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  • "
    Condor Man wrote:
    Given the events in that country yesterday it would be best for all our brave troops to pull out now and let them massacre each other, just as they are in Iraq and will be doing in Syria in the not too distant future.
    Absolutely right, we should pull out with our tail between our legs, showing the world again that we walk away without finishing the job (again) therefore allowing tonnes of drugs to flood into the European market funding terrorists who not only are involved in indirectly selling drugs to our children but will also use the funds to buy weapons so they can gun down women & children & execute any plans they might have to bomb foreign countries, including ours."
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PWRR uncover £17.5m drug and guns stash in Afghanistan

PWRR uncover £17.5m drug and guns stash in Afghanistan

The drugs and arms seized by the Hampshire Tigers in Helmand Province

Captain Matt Swales

Lt Paul Charlesworth

First published in News Daily Echo: Photograph of the Author by , Deputy News Editor

HAMPSHIRE soldiers have helped uncover a £17.5m drugs stash thought to be among one of the biggest seizures of its kind in Afghanistan.

Troops from the 1st Battalion, Princess of Wales’s Royal Regiment, discovered the massive haul during a specialist operation run by the Afghan police they are mentoring in Helmand Province.

They also found a significant weapons cache full of guns, rocket launchers and compartments to make roadside bombs designed to maim and kill international forces.

The find came as Afghan National Security Forces (ANSF) swooped on the home of a local man suspected of selling off Government land illegally and found bags of wet opium – the first stage of processing poppy to make heroin.

But once inside the premises, soldiers from 1PWRR, nicknamed The Tigers, found a trapdoor that led them to a room filled with dozens more bags of the drugs.

The total haul weighed in at more than 175kg of wet opium which was found stashed in plastic bags.

One kilogramme of pure heroin is worth between £30,000 to £100,000 on British streets.

The team also recovered a large amount of weaponry used by insurgents to kill and maim international forces, including two machine guns, a Rocket Propelled Grenade (RPG) launcher, several AK-47 rifles, two pistols, possible components for Improvised Explosive Devices (IEDs), and imitation ANSF uniforms.

The discovery – a major coup for The Tigers – has been hailed “a victory”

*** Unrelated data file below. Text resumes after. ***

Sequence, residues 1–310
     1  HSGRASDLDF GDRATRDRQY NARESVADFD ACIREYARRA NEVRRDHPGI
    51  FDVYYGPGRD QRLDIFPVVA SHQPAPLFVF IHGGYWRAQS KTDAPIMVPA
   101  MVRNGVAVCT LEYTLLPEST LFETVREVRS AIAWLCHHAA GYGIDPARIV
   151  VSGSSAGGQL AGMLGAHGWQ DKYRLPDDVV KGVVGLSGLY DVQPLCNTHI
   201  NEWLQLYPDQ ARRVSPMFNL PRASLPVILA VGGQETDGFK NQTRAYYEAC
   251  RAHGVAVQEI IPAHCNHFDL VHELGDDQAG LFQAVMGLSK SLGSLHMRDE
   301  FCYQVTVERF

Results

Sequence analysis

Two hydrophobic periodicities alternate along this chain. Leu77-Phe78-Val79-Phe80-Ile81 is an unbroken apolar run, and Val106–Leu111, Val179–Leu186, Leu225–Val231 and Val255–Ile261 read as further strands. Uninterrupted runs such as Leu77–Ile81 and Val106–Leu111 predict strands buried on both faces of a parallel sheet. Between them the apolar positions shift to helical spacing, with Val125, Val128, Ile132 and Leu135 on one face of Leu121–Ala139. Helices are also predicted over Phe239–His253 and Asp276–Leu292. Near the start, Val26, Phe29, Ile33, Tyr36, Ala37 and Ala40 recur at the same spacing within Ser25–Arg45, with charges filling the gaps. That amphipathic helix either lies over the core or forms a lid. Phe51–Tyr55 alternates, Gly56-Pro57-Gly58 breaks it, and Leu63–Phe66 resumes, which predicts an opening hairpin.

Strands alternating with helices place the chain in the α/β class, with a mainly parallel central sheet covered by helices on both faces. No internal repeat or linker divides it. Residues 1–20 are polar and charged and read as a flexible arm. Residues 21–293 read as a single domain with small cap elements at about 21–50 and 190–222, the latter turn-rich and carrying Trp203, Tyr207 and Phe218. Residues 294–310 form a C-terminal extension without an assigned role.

and was made in the bustling town of Gereshk, in the northern part of Nahr-e Saraj district.

It was put on display for locals to observe.

The suspect was arrested and will nowface prosecution by the Afghan justice system.

The British advisors on the operation were part of the Police Mentoring and Advisory Group (PMAG), which is led by The Tigers who have a 15-man Police Advisory Team at each Afghan police headquarters across Task Force Helmand to mentor local police.

Lieutenant Paul Charlesworth, from 1 PWRR, commands the team at Gereshk.

The 24-year-old said: “Once we got to the compound we quickly realised this was a really significant find. We started to see all the weapons coming out, all the ammunition, the ANSF uniforms, and then the opium, and called in provincial-level counter-narcotics team.

“This is the largest drugs find that I’ve ever been involved in, and the biggest that ISAF forces have been involved in since we arrived in September.”

Capt Matt Swales, 28, of Locks Heath, said the discovery was an Afghan led operation that showed “a real step change in capability”.

The former pupil of St George’s school in Southampton, who is currently working in the PMAG operations office, said: “Since our arrival in September there has been a real appetite in the police to improve security in Helmand, and taking such a huge haul of drugs and weapons off the streets has helped in building their confidence.”

Tigers commanding officer, Lieutenant Colonel James Coote, said: “This was a significant operation, both in terms of the weapons captured and the drugs seized.”

It’s the second major success for The Tigers since they deployed in October, left, having recovered a haul of bomb making equipment in October, just weeks into their deployment.

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